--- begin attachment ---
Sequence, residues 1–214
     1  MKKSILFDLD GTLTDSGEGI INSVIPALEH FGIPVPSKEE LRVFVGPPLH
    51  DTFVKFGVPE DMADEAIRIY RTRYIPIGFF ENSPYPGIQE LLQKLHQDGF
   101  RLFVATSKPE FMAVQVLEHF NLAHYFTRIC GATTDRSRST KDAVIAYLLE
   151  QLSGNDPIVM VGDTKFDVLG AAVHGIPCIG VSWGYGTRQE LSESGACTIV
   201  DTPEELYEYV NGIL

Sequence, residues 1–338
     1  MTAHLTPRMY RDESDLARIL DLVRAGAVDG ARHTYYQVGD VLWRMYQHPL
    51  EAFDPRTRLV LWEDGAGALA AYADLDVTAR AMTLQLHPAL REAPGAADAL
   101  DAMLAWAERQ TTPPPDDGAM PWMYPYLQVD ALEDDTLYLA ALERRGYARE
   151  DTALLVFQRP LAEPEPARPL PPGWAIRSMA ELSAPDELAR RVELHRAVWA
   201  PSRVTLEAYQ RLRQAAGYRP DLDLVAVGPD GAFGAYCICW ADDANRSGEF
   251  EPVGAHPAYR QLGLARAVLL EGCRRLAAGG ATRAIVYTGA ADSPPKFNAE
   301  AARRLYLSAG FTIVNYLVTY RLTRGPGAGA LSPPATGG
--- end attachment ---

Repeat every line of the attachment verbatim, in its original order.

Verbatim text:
Sequence, residues 1–214
     1  MKKSILFDLD GTLTDSGEGI INSVIPALEH FGIPVPSKEE LRVFVGPPLH
    51  DTFVKFGVPE DMADEAIRIY RTRYIPIGFF ENSPYPGIQE LLQKLHQDGF
   101  RLFVATSKPE FMAVQVLEHF NLAHYFTRIC GATTDRSRST KDAVIAYLLE
   151  QLSGNDPIVM VGDTKFDVLG AAVHGIPCIG VSWGYGTRQE LSESGACTIV
   201  DTPEELYEYV NGIL

Sequence, residues 1–338
     1  MTAHLTPRMY RDESDLARIL DLVRAGAVDG ARHTYYQVGD VLWRMYQHPL
    51  EAFDPRTRLV LWEDGAGALA AYADLDVTAR AMTLQLHPAL REAPGAADAL
   101  DAMLAWAERQ TTPPPDDGAM PWMYPYLQVD ALEDDTLYLA ALERRGYARE
   151  DTALLVFQRP LAEPEPARPL PPGWAIRSMA ELSAPDELAR RVELHRAVWA
   201  PSRVTLEAYQ RLRQAAGYRP DLDLVAVGPD GAFGAYCICW ADDANRSGEF
   251  EPVGAHPAYR QLGLARAVLL EGCRRLAAGG ATRAIVYTGA ADSPPKFNAE
   301  AARRLYLSAG FTIVNYLVTY RLTRGPGAGA LSPPATGG